Photo courtesy Indianapolis Motor Speedway

1972 Indianapolis 500 Rookie of the Year Mike Hiss passes away at 77

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Indianapolis Motor Speedway officials announced Thursday that 1972 Indianapolis 500 Rookie of the Year Mike Hiss has passed away.

Hiss, 77, died December 19 in Evansville, Indiana, “following a near-30-year battle with cancer-related issues,” per an IMS media release.

Hiss competed in four Indianapolis 500s, with his best finish being a seventh-place showing in his rookie effort in the 1972 edition of the Greatest Spectacle in Racing.

All told, Hiss made 28 career starts in USAC open-wheel competition, with his best finish being a runner-up showing in 1972 at Ontario, as well as third-place finishes at Ontario and Michigan in 1973.

Hiss was born in Norwalk, Connecticut and raised in Sarasota, Florida.

He was bitten early by the auto racing bug when his father took him to watch the 12 Hours of Sebring sports car endurance race.

That would lead to Hiss eventually beginning his own racing career in Sports Car Club of America competition, as well as taking part in Formula A, Formula B and Formula 5000 before moving into USAC’s open-wheel series in 1972.

Shortly after his rookie run in the Indy 500, Hiss replaced the injured Mark Donohue for team owner Roger Penske in the Ontario 500, where he earned his best-ever career finish, trailing only race winner Roger McCluskey.

He would go on to win 1972 USAC National Championship Rookie of the Year honors.

Hiss’ other major career highlight included qualifying on the outside of the front row for Penske’s team in the 1974 Indy 500, alongside pole sitter A.J. Foyt and Wally Dallenbach. Filling in for Peter Revson, who had been tragically killed in an F1 race prior to his planned appearance at Indianapolis, Hiss finished 14th in that race.

Hiss would make two other starts for Penske in 1974 at Michigan International Speedway, finishing seventh in July and fourth in September.

He would once again drive for Penske, qualifying for the 1978 Indianapolis 500 in place of Mario Andretti, who was racing at Spa-Franchorchamps in the Belgian Grand Prix and was unable to make the rained-out qualifying weekend in Indy.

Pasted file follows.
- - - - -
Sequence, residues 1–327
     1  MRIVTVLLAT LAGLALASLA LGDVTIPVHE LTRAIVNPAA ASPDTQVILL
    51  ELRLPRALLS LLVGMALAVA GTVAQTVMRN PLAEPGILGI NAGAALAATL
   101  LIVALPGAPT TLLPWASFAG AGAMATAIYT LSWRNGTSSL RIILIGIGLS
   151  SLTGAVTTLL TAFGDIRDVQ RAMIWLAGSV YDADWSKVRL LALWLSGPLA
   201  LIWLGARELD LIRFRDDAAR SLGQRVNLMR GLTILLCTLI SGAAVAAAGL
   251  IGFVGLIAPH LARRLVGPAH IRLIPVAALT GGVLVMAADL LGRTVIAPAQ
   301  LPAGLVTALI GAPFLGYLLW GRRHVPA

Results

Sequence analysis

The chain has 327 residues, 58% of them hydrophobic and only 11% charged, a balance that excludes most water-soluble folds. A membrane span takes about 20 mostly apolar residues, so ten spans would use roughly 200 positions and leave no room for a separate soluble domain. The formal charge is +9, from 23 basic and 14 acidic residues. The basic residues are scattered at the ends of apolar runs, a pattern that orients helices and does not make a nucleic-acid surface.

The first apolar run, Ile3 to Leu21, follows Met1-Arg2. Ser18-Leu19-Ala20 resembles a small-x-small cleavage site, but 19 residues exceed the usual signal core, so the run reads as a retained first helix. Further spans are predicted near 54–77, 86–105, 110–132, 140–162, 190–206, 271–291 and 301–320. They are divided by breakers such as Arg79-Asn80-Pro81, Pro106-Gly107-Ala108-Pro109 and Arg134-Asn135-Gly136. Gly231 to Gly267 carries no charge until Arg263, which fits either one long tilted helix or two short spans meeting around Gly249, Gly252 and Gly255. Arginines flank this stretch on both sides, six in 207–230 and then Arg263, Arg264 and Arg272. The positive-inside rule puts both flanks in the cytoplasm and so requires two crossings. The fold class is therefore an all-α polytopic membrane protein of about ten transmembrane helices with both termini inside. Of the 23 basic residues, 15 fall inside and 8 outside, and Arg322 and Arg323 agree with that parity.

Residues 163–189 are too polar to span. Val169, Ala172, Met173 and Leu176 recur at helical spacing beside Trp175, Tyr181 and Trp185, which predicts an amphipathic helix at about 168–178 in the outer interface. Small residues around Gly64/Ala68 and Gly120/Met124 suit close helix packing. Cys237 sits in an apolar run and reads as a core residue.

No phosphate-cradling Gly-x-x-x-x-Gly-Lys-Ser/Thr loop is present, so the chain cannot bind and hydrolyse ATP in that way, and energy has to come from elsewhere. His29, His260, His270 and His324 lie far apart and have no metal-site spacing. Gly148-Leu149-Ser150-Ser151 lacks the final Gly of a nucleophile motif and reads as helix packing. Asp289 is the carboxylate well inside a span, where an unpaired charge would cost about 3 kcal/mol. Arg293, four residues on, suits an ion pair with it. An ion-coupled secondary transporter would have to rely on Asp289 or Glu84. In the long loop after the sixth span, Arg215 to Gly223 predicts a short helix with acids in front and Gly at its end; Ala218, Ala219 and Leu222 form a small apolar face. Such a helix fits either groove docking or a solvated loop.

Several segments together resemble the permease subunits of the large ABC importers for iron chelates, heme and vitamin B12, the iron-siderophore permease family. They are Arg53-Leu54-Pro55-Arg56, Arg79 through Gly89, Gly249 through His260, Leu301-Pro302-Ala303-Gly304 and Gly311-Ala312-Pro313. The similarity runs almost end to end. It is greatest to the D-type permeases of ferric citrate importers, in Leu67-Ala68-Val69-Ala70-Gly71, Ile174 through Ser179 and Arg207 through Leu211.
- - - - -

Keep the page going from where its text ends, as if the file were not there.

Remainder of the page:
Hiss put Penske’s car in the show, although it ultimately began the 500 in 33rd place when Andretti returned for the actual race itself.

Qualifying in Andretti’s place would be Hiss’ last foray in a race car.

Hiss would also be a part of another significant moment in Indy car history. Hiss served as coach for his first wife, Arlene, who took part in a March 1976 test at Phoenix International Raceway, driving for a team whose partners included driver Lloyd Ruby and chief mechanic Mike Devin.

Arlene turned enough respectable lap speeds to qualify 24th for the 1976 season-opening race at PIR, making her the first female to ever start in an open-wheel Championship race (she finished 14th in what would be her only career start).

Hiss is survived by Connie, his wife of 42 years; son, Brian and his wife, Getter; daughter, Jennie and her husband, Mike Freisem; plus two grandsons, Landon Anderson and Levi Freisem.

Donations in Hiss’ memory are being accepted at Crossroads Christian Church, 10800 Lincoln Ave., Newburgh, IN 47630.

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Alex Zanardi showing signs of interaction three months after crash

Alex Zanardi recovery
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MILAN — Italian racing driver turned Paralympic gold medalist Alex Zanardi has started responding to treatment with signs of interaction, more than three months after he was seriously injured in a handbike crash.

Zanardi has spent most of that time in intensive care after crashing into an oncoming truck during a relay event near the Tuscan town of Pienza on June 19.

“For several days now. Alex Zanardi has undergone cognitive and motor rehabilitation sessions, with the administration of visual and acoustic stimuli, to which the patient responds with momentary and initial signs of interaction,” the San Raffaele hospital in Milan said in a statement Thursday.

The hospital said that is “significant progress” but added that his condition remains serious, and that it would be “absolutely premature” to make a long-term prognosis.

Zanardi, 53, suffered serious facial and cranial trauma in the crash and was put in a medically induced coma. Doctors have warned of possible brain damage.

He was operated on several times to stabilize him and reconstruct his severely damaged face and the Milan hospital added that he recently had undergone another surgery to reconstruct his skull and would have another one in the coming weeks.

Zanardi lost both of his legs in an auto racing crash nearly 20 years ago. He won four gold medals and two silvers at the 2012 and 2016 Paralympics. He also competed in the New York City Marathon and set an Ironman record in his class.